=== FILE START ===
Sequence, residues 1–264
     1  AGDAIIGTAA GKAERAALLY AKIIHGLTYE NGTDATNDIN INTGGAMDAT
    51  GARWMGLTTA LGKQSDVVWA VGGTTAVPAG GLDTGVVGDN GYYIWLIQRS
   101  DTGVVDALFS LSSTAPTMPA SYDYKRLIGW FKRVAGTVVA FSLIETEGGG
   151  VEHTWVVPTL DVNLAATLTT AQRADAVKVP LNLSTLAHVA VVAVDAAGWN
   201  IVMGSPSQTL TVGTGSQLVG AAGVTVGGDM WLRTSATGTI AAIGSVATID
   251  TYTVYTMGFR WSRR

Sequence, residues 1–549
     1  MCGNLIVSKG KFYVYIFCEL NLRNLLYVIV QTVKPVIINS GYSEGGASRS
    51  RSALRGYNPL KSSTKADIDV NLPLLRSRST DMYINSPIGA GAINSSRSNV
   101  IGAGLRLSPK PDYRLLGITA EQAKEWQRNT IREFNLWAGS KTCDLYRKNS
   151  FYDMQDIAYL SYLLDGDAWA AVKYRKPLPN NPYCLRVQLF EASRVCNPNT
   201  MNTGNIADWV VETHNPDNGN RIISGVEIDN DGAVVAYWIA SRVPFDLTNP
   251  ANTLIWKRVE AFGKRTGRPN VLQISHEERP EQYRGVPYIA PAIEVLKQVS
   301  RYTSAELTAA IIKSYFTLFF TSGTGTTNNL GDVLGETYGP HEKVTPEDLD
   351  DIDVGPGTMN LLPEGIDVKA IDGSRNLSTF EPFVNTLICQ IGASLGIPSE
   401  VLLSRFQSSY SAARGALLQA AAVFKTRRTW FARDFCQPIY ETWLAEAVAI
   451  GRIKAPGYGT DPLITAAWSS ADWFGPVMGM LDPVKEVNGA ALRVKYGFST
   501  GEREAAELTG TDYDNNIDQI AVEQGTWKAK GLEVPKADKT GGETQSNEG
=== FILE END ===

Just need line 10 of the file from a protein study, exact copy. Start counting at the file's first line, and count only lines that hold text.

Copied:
    51  RSALRGYNPL KSSTKADIDV NLPLLRSRST DMYINSPIGA GAINSSRSNV